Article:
Another temptingly exotic label that clearly didn't please its rightful owner is Sir Ranulph Twisleton-Wykeham-Fiennes, Bart. I once attended an evening lecture given by this famous explorer, and bought a copy of the book on his white water rafting expeditions that was being promoted. He signed my copy for me, and I noted that he simply put "Ran Fiennes", the name he prefers to be known by. What a waste, just imagine the raised eyebrows if you presented your plastic card at the checkout in Sainsbury's with that sort of triple-barrelled appellation on it.

iws
26th Jul 2011, 18:37
It's even worse if one has a choice of names. I have a minor inherited Title
"Lord of...." which I have on some of my bank cards. It is seldom that it is noticed at the likes of Sainsburys as the checkout people never read the name as long as the PIN matches. I have been asked a couple of times if the card was a business card for a Pub!

Generally changing a name (or having an alternative) causes more trouble than it is worth especially in these days of money laundering regulations etc.
Even the TV licensing wanted two licenses for my address...

Parapunter
26th Jul 2011, 18:47
I thought Lemmy cut a slightly sad figure SHJ & I must wonder about that apartment - surely he's got a few bob?

Anyway, I was at school with a Georgina Clamp. I would imagine she couldn't wait to shed that name.

muppetbum
26th Jul 2011, 19:20
Quote "I quite fancy changing to -
Tarquin Fin-tim-lin-bin-whin-bim-lim-bus-stop-F'tang-F'tang-Olé-Biscuitbarrel'

Sir George , wouldn't that be " slightly silly" !? ;)

SpringHeeledJack
26th Jul 2011, 19:38
When not masquerading as Mr Jack here, one is known as Sir Egbut Nobacon.

I thought Lemmy cut a slightly sad figure SHJ & I must wonder about that apartment - surely he's got a few bob?

I know what you mean, my view was from him being the persona 'Lemmy' and the whole circus that goes with it. I suppose that the 'home' isn't so important to a dyed in the wool rocker who is probably on the road a lot and the rest of the time he's living the life. Perhaps he's big into the financial markets and likes to keep things liquid :p


SHJ

Manchikeri
26th Jul 2011, 19:53
On another section of this board I have just been rather rudely christened Yoda.

I like it, but I don't think the intention was particularly complimentary. I used to rejoice in the name of Hugh Jampton when I contributed to the Archers' message boards, though.

AlpineSkier
26th Jul 2011, 20:02
@603 DX - re Fiennes

In a recent interview I read, he said that he does that in order to be able to sign ( i.e. sell ) more books in the time allotted,

con-pilot
26th Jul 2011, 20:35
I was going to change my name to Bill Gates and move to Seattle.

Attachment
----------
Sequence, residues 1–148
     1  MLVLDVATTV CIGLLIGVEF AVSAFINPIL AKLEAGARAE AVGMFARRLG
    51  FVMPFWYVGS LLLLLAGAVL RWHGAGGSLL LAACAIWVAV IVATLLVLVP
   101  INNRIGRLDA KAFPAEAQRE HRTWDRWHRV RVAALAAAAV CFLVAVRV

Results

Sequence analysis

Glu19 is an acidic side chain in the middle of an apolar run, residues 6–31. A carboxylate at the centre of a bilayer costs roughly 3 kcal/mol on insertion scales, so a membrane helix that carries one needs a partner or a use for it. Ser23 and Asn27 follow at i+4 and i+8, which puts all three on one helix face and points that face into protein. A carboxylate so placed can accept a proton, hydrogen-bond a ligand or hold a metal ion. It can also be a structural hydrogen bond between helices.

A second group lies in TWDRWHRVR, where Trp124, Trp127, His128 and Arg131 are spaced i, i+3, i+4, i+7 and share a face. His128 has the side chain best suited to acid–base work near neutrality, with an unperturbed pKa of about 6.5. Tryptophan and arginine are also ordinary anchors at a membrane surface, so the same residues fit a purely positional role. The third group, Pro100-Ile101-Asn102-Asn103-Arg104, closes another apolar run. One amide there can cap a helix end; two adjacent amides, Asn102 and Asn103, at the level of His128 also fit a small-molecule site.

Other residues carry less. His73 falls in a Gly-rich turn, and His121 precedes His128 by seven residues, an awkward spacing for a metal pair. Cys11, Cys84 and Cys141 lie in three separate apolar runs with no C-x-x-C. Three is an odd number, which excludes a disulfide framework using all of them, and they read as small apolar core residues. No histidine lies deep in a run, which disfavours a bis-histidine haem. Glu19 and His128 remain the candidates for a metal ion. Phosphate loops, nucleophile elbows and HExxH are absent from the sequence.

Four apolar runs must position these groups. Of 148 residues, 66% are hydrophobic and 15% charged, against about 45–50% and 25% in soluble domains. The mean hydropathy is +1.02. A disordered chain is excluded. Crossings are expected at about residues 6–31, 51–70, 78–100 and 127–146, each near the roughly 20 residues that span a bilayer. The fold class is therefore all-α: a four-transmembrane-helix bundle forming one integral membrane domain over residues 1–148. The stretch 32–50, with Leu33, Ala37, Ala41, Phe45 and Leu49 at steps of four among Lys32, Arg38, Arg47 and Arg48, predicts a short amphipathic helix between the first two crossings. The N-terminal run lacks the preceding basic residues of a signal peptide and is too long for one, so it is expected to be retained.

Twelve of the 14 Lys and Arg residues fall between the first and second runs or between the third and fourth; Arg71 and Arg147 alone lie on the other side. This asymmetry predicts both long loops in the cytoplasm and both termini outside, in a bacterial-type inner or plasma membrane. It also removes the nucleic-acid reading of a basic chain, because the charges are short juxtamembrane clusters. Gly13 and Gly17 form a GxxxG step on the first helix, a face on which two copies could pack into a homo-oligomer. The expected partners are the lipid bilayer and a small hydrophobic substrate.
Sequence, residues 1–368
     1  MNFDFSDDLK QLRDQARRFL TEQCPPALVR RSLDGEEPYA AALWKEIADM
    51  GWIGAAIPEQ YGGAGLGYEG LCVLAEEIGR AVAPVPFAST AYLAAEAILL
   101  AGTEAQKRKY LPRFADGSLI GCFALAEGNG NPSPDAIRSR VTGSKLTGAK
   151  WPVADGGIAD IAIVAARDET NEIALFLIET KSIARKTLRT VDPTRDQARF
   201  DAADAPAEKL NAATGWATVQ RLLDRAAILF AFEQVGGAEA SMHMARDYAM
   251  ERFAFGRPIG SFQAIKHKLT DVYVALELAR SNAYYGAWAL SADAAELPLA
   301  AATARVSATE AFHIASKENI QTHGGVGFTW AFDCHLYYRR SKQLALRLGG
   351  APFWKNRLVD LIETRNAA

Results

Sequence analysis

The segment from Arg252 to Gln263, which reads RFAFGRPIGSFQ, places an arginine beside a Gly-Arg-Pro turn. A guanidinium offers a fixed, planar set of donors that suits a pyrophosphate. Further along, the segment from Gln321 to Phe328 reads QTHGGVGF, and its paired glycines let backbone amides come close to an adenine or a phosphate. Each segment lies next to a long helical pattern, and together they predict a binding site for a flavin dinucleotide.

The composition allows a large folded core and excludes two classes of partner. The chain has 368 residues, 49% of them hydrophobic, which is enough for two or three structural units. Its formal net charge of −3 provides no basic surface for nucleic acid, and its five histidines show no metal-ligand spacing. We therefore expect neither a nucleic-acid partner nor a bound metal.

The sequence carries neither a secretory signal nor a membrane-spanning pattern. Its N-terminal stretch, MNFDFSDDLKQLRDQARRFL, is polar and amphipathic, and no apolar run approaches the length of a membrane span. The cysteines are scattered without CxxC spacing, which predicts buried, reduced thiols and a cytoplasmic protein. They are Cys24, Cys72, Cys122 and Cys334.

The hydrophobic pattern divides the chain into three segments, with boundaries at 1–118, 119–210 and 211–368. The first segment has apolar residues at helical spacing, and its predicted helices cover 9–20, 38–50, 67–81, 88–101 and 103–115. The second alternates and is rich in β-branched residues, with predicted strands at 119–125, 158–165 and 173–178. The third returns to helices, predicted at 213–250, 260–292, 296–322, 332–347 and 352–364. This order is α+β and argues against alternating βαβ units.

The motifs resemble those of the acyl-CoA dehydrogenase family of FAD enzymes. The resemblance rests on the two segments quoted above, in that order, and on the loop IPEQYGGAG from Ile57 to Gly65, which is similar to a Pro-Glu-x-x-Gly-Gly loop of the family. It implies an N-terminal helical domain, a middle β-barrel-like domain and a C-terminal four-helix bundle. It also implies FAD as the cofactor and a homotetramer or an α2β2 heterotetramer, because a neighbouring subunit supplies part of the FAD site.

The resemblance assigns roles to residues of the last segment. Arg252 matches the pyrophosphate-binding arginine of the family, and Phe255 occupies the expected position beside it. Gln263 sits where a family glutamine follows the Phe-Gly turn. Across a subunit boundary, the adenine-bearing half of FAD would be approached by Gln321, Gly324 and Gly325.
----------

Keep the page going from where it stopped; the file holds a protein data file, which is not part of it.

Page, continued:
But then I found that wouldn't work, I'm a lot taller than Bill Gates. :(






;)

vulcanised
26th Jul 2011, 20:51
Sir George , wouldn't that be " slightly silly"


That's eggsackly what I thought when I read that.

Tarquin fer gawdsake!

Desert Dingo
27th Jul 2011, 01:39
http://www.members.optusnet.com.au/d.dingo/mustapha.jpg

Parapunter
27th Jul 2011, 06:18
SHJ, I take it all back - I watched it in two halves & only saw the end of it last night. All in all, I would swap with the man like a shot. Not a bad life being adored by millions.

Wonder how Ian turned into Lemmy whilst we're on the subject?:)

Slasher
27th Jul 2011, 07:06
Really glad I don't have a hyphenated surname, which would
sort've indicate mum couldn't decide who my real dad was.

pvmw
27th Jul 2011, 07:37
There is a hamlet in Gloucestershire called "Stanley Pontlarge" (famous for being the home of L T C Rolt.)

Stanley Pontlarge - Wikipedia, the free encyclopedia (http://en.wikipedia.org/wiki/Stanley_Pontlarge)

When first I saw it I thought it must be someone's name - one feels it should be!!!

Slasher
27th Jul 2011, 07:41
Hmm.....that gives me a thought - I rather fancy a name like
"Stanley C0cklarge" if I ever want to change my present one!

Exascot
27th Jul 2011, 10:07
Really glad I don't have a hyphenated surname

You want to try having one that has De La at the beginning then double barreled after that. Even running the first name all into one and just making it double barreled is a problem in this computerised age.

And, yes I know who my father is cos the first half is my mother's maiden name and second my father's surname ;)

oldshuck
27th Jul 2011, 12:32
Once worked with a Mr. Glasscock. he was known throughout the company as Brittledick.

unstable load
1st Aug 2011, 10:12
Fellow called Allcock played cricket for Zimbabwe and he prompted my late Dad to berate him as "Allcock and no brains" after some cricketing silliness against Safrica.

603DX
1st Aug 2011, 10:31
Connoisseurs of the filthy joke have long been grateful for the surnames of the pair of intrepid aviators who first flew the Atlantic in their Vimy ... :=

Henry09
1st Aug 2011, 10:45
I happen to have a car registration that is exactly the same as my surname and it only cost me 15 British pounds ...for the change of name.

yours sincerely

Mr Henry TWD347T